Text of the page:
The following table illustrates relationships between the various causes of death in 2005. Malignant neoplasms, the most prevalent underlying cause (38,380 deaths), was reported alone in 36.8% of cases and is less likely to be reported with other more prevalent causes. In contrast, Renal failure was reported alone as the underlying cause in only 6.3% (1,886) of deaths attributed to this cause. It was reported more frequently with associated causes of Ischaemic heart disease and Heart failure.
In 2005, there were 8,015 deaths due to External causes, with an average of 3.3 causes coded per each of these deaths. The average number of multiple causes coded due to Accidental Falls was 4.5 and reflects the number of injuries sustained. In 2005, Transport accidents accounted for 21.2% of all injuries due to External causes, with 43.6% of these injuries being to the head or thorax. Intentional self-harm accounted for 23.8% of total injuries due to External causes, and of these injuries, Asphyxiation was the most common (42.7%).
Northern Territory had the highest perinatal death rate in 2005 (14.6 per 1,000 total relevant births), while South Australia had the lowest rate (7.3 per 1,000 total relevant births).
AGE OF MOTHER
The highest perinatal death rates in 2005 occurred in the under 20 years age group at 17.7 per 1,000 total relevant births and the 40 years and over age group at 12.5.
The numbers of deaths for these age groups were small. Mothers aged 40 years and over accounted for the lowest proportion of births (3.4%) and perinatal deaths (5.0%). The youngest group of mothers (aged under 20 years) accounted for 4.1% of all births and 8.7% of all perinatal deaths.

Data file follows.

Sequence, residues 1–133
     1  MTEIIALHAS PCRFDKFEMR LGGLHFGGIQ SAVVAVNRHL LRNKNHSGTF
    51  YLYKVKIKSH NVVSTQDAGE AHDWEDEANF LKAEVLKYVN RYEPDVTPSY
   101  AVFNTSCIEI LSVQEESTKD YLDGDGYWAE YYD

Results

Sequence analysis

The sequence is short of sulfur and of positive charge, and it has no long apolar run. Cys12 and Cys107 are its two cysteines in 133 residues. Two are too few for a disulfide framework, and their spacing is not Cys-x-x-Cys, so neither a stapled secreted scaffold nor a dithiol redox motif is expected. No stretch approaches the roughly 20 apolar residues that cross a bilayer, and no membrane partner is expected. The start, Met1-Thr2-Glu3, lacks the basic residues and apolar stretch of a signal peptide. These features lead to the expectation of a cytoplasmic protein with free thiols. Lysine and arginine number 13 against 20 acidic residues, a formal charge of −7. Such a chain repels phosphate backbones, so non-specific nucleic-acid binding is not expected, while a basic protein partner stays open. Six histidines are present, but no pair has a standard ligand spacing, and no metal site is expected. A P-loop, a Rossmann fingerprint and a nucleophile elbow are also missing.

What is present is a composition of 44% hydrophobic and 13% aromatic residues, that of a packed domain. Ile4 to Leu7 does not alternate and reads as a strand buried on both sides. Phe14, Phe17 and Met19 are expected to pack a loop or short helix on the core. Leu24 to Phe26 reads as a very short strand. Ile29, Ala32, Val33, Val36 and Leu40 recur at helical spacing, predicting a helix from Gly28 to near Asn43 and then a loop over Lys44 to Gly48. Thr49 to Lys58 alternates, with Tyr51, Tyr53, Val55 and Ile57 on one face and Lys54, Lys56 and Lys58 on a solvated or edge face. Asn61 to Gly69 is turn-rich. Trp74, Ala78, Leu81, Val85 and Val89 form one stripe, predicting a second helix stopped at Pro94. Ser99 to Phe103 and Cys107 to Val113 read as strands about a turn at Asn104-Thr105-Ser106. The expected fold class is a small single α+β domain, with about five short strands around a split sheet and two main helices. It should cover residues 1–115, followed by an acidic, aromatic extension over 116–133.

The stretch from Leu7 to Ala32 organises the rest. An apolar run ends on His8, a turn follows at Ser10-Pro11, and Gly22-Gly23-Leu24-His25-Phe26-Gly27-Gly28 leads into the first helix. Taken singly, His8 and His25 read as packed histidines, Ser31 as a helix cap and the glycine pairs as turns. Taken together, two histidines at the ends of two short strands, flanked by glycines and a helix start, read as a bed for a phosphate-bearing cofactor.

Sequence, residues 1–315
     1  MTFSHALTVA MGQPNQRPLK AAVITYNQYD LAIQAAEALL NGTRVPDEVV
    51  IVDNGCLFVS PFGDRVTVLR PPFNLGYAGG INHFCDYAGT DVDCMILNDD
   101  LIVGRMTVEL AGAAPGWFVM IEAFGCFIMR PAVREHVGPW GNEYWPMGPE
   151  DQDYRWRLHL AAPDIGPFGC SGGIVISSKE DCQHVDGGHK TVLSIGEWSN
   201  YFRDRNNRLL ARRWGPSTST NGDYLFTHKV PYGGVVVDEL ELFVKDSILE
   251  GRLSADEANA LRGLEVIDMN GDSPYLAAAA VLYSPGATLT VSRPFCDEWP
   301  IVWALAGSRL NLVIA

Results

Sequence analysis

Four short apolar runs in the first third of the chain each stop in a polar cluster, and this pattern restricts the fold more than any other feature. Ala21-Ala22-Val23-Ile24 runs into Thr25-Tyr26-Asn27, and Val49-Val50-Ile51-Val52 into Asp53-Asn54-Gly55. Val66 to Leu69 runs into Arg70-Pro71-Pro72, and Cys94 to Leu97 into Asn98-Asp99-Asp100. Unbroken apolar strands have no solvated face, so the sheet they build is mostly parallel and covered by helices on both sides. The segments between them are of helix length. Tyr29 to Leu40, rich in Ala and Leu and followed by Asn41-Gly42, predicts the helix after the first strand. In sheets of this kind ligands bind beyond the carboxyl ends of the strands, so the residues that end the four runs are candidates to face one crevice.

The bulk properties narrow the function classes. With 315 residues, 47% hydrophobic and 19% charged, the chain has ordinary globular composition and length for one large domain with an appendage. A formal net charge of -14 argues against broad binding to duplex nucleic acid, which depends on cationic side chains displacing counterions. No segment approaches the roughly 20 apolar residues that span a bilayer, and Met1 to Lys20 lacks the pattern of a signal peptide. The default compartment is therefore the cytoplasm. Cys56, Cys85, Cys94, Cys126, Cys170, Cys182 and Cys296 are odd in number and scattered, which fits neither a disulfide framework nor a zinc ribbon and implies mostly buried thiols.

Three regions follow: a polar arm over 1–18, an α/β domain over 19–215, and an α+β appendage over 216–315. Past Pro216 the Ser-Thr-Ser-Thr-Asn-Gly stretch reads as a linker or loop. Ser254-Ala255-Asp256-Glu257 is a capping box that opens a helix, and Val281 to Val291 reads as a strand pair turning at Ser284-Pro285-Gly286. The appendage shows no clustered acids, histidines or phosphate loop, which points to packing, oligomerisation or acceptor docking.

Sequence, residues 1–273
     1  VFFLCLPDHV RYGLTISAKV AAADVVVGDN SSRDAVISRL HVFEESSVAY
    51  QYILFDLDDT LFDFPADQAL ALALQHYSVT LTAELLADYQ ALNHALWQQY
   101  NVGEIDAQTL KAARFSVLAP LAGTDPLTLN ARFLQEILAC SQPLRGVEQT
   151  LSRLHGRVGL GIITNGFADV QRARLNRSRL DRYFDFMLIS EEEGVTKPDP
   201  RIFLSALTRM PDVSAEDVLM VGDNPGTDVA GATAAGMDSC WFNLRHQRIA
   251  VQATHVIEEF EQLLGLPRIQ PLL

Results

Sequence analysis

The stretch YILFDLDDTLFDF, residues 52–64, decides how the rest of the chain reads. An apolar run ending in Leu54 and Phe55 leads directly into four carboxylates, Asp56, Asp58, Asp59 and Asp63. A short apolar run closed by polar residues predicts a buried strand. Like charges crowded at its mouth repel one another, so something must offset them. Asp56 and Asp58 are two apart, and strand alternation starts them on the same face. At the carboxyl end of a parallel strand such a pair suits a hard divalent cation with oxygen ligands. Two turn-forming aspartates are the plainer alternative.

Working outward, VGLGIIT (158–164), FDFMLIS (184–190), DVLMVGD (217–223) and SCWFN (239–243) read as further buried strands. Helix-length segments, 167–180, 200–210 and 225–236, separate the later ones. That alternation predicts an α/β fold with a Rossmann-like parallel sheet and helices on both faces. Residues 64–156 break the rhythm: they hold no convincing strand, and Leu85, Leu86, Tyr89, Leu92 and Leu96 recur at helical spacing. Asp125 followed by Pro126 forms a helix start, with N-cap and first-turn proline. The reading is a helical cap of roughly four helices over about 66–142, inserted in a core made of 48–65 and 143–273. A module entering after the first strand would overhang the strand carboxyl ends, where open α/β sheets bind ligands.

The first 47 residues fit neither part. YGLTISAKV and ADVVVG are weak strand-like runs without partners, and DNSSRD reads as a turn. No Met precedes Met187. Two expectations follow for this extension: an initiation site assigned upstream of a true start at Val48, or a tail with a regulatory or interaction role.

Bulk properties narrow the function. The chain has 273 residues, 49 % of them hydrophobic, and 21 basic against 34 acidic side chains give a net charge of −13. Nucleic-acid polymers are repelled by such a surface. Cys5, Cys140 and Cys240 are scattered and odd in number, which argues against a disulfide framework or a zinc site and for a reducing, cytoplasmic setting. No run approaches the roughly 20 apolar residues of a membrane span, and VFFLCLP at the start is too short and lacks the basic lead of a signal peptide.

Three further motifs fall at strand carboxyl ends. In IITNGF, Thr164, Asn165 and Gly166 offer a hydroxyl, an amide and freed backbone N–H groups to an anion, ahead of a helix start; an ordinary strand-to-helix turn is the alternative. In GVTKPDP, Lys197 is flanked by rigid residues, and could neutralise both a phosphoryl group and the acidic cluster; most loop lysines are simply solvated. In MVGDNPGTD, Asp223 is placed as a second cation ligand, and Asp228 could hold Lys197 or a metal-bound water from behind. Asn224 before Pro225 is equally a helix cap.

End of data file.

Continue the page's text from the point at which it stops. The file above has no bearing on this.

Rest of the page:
In contrast, the perinatal death rate for mothers aged 30-34 years was the lowest (6.8 per 1,000 total relevant births) while mothers in this age group accounted for the highest proportion of births (34.3%) and perinatal deaths (27.6%).
While the overall perinatal death rate has decreased between 1995 and 2005, this is not consistent across all age groups. In 2005, the perinatal death rate for mothers aged less than 20 years was 17.7 per 1,000 total relevant births, an increase from 14.2 per 1,000 total relevant births in 1995.
The perinatal death rate for mothers aged 40 years or more was 12.5 per 1,000 total relevant births in 2005, a decrease from 13.4 per 1,000 total relevant births in 1995.
CONDITION IN FETUS/INFANT
In 2005, nearly a third (29.8%) of all perinatal deaths were not assigned a specific cause of death in the fetus/infant. Most of these were fetal deaths. While 44.9% of all fetal deaths registered in 2005 reported no specific cause, the corresponding figure for neonatal deaths was 3.2%.
Congenital malformations, deformations and chromosomal abnormalities accounted for 18.8% of perinatal deaths, while Respiratory and cardiovascular disorders specific to the perinatal period contributed a further 15.5% and Disorders related to length of gestation and fetal growth contributed 14.0%.
Congenital malformations, deformations and chromosomal abnormalities was also the most commonly reported cause for fetal deaths (14.2%) and neonatal deaths (26.9%).
Other conditions reported in fetal deaths registered in 2005 included Respiratory and cardiovascular disorders specific to the perinatal period (12.1%), and more specifically Intrauterine hypoxia (11.3%). Disorders related to length of gestation and fetal growth accounted for 8.2% including Extremely low birth weight (4.3% of fetal deaths).
Disorders related to length of gestation and fetal growth accounted for 24.1% of neonatal deaths in 2005, more specifically Extremely low birth weight (22.8%). Respiratory and cardiovascular disorders specific to the perinatal period accounted for 21.3% of neonatal deaths.
CONDITION OF MOTHER
Perinatal deaths differ from general deaths because a condition may be reported in the record for the fetus/infant, the mother, or for both. A maternal condition was reported in 1,292 (58.4%) of the 2,213 perinatal deaths registered in 2005. Complications of placenta, cord and membranes was the most frequently reported maternal cause, accounting for 533 or 24.1% of all perinatal deaths, followed by Maternal conditions that may be unrelated to present pregnancy (342 or 15.5% of perinatal deaths) and Maternal complications of pregnancy (335 or 15.1% of perinatal deaths).
YEAR OF OCCURRENCE
Selected underlying causes of death
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This page last updated 13 March 2008